The ten new hotels will add 1,600 keys to the company's inventory. Specifically, Chhatwal said, "The growth engines for Taj hinge on the firms’ brand equity, market positioning as well as a recent tie-up with private equity firm GIC, which is expected to power ongoing acquisitions over three years with a Rs 4,000-crore war chest."
Aspiration 2022, a project used to create a target for growth, aims to grow its entire portfolio by 50 per cent, which means adding 8,000 rooms to the current 17,000 by 2022. Of that upcoming inventory, 40 per cent, or 3,000 rooms, will come from the Taj brand.
"Part of the GIC fund may also be used to turn around and monetise existing assets," said Chhatwal. The new platform will drive all-out acquisitions, he added, and not target green field hotels.
So far, ARR rates have climbed slowly by around a half per cent and real growth will come when those rates move at double digits for the Taj brand. However, growth is coming in the luxury segment.
"We now have seen a 10 per cent revenue growth in food and beverages for the last financial year as well as room revenue driven largely by the Taj brand," Chhatwal said. Taj-branded hotels drive around 60 per cent of turnover.
The biggest challenge for the Taj brand is also its biggest strength. "There is a strong emotional connect that dates
back to many decades and continuing to build on those expectations is what we strive to accomplish and achieve on an ongoing basis."
For example, he said thousands of people have memories of the Sea Lounge at the Taj Mahal Palace, Colaba. Changing that can be a double-edged sword because destroying a nostalgic connection means risking customer loyalty.
While IHCL’s focus on luxury, bid to cut costs, and slash debt was started by Chhatwal's predecessor five years ago, the last year and a half saw the company benefit from maintaining that. International expansions from the US to Australia to the Orient have been curbed with overseas plays restricted to cities followed by in-bound tourists or Indian travellers, i.e. Dubai, London, and Saudi Arabia. Domestically, the focus has been on growing Ginger, combined with an asset-light focus on building on its core — luxury and five-star hotels in metros and destination cities. IHCL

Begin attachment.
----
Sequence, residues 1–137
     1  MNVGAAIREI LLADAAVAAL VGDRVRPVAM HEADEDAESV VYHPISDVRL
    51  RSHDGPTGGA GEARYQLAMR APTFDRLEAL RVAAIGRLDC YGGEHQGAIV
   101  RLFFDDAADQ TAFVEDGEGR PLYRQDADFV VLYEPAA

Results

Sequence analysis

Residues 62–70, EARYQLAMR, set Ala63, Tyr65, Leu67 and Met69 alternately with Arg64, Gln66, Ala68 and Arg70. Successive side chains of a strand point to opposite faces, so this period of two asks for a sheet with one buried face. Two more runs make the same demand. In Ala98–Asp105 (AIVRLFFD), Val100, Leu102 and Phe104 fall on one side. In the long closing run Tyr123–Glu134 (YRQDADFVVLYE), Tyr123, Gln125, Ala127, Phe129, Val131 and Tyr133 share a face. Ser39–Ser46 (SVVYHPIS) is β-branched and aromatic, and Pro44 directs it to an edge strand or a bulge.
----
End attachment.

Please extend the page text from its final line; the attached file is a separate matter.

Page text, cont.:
has good reason to keep that going.
Marriott International, which runs nine luxury hotels under its own flag in India and another 14 through a tie-up with the ITC under its Luxury Collection, has at least nine more luxury hotels in the pipeline for the next three years, said Neeraj Govil, area vice-president (South Asia) for Marriott International.
Future hotels include two JW Marriott hotels, two W hotels and, two new Ritz Carltons as well as another three undisclosed properties that will be opening. French multinational AccorHotels, Europe’s largest hotel group, sees similar potential for Indian luxury hotels. AccorHotels will bring its Raffles brand to India and open a luxury hotel in Udaipur on a 21-acre private island in the middle of the Udai Sagar Lake by next year and another Raffles Jaipur, which will open in 2022, says Lokesh Sabharwal, the company’s vice-president (development and special projects, South Asia). He said a 646-keys Fairmont Mumbai was under construction and it was also engaged in developing a Fairmont in Goa. The hotel world is getting divided into global majors or specialists and anything in between, including aggregators, will eventually get squeezed, said an analyst who tracks the sector.
What makes the Taj brand unique is its history of Eastern hospitality combined with a tradition within the Tata group that hearkens back to 1903 when group founder Jamsetji Tata started it and it was the first building in the city to use electricity to have Turkish baths and English butlers.
“We are not a pure luxury hotel brand anymore, but luxury is at our core,” Chhatwal said.